# Setup and teardown routines in non-flat class hierarchies

Here’s a C++ problem where I still don’t know what’s a good way to deal with it. (But I asked on Slack the other day and got some good-sounding advice from Kevin Zheng. See further down in this post.) Consider a class hierarchy something like this. We have an abstract base class Garment, a derived class Shirt, and a leaf class DressShirt that derives from Shirt. To don a DressShirt means to first do everything you’d do to don the Shirt part of the object, and then additionally apply the cufflinks.

class Garment {
public:
virtual void don() = 0;
};

class Shirt : public Garment {
Sleeves sleeves_;
public:
void don() override {
sleeves_.insert_arms();
}
};

class DressShirt final : public Shirt {
public:
void don() override {
this->Shirt::don();
}
};


This way of organizing things does work, but it fails to conform to the Non-Virtual Interface idiom. (Previously on this blog: “A C++ acronym glossary” (2019-08-02), “CppCon 2019 talks are up” (2019-10-18).) The NVI version would look more like this (Godbolt):

class Garment {
virtual void do_don() = 0;
public:
void don() { this->do_don(); }
};

class Shirt : public Garment {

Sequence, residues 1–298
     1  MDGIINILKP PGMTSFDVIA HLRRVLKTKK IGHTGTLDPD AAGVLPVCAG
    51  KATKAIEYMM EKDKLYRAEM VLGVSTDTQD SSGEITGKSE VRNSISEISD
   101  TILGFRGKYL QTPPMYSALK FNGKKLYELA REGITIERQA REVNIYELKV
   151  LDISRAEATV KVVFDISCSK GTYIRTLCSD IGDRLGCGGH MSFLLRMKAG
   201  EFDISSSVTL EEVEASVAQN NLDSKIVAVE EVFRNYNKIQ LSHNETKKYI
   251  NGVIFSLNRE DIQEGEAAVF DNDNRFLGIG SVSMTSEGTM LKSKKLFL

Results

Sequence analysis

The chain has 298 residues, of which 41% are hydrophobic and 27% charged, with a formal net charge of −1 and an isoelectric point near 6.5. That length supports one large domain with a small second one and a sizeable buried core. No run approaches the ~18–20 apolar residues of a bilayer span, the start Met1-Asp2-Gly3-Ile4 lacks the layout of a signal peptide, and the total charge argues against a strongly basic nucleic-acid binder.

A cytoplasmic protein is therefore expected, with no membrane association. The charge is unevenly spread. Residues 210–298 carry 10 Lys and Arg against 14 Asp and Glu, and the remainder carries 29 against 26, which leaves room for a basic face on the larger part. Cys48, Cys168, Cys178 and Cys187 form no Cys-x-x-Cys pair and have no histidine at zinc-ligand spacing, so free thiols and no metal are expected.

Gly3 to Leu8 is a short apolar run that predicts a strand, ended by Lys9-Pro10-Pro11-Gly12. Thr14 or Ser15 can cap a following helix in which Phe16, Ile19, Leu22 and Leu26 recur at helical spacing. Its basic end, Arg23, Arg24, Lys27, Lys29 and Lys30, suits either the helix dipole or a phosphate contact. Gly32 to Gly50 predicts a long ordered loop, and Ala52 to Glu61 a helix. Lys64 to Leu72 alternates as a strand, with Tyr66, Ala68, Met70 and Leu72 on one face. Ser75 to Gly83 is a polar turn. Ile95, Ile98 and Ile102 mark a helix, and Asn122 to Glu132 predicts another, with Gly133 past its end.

Sleeves sleeves_;
void do_don() override {
sleeves_.insert_arms();
}
};

class DressShirt final : public Shirt {
void do_don() override {
this->Shirt::don();  // OOPS!
}
};


…Except that this produces an infinite loop! The NVI idiom prevents anyone from deliberately calling a “sliced” version of any virtual function via qualified call syntax. You can’t say myDressShirt.Shirt::do_don() because do_don() is private at every level. However, the NVI does not protect us against someone trying to make a qualified call and accidentally getting themselves into trouble!

In the above code, this->Shirt::don() is a silly (but valid) way to write this->don(); which (because we’re using the NVI idiom) means this->do_don(); which means infinite recursion.

To express the statement that “to don a dress shirt, you first don the shirt part and then apply the cufflinks,” we would have to refactor our class hierarchy in some way. For example:

class Garment {
virtual void do_don() = 0;
public:
void don() { this->do_don(); }
};

class Shirt : public Garment {
Sleeves sleeves_;
protected:                      // OK but yuck!
void do_don() override {
sleeves_.insert_arms();
}
};

class DressShirt final : public Shirt {
void do_don() override {
this->Shirt::do_don();  // OK
}
};


However, now we’re using protected (which personally I consider a code smell, by the way), and we’ve cracked open our nice safe NVI don method by calling Shirt::do_don with qualified syntax — exactly the thing we were using NVI to get away from!

Kevin Zheng suggested (something isomorphic to) the following design:

class Garment {
virtual void do_don() = 0;
public:
void don() { this->do_don(); }
};

class Shirt : public Garment {
Sleeves sleeves_;
void do_don() override {
this->shirt_specific_don();
}
protected:
void shirt_specific_don() {
sleeves_.insert_arms();
}
};

class DressShirt final : public Shirt {
void do_don() override {
this->shirt_specific_don();
}
};


This design has the same essential shape as the previous one, except that we are never using the verboten qualified call syntax. Instead of this->Shirt::do_don(), we call this->shirt_specific_don(), whose name clearly indicates its purpose.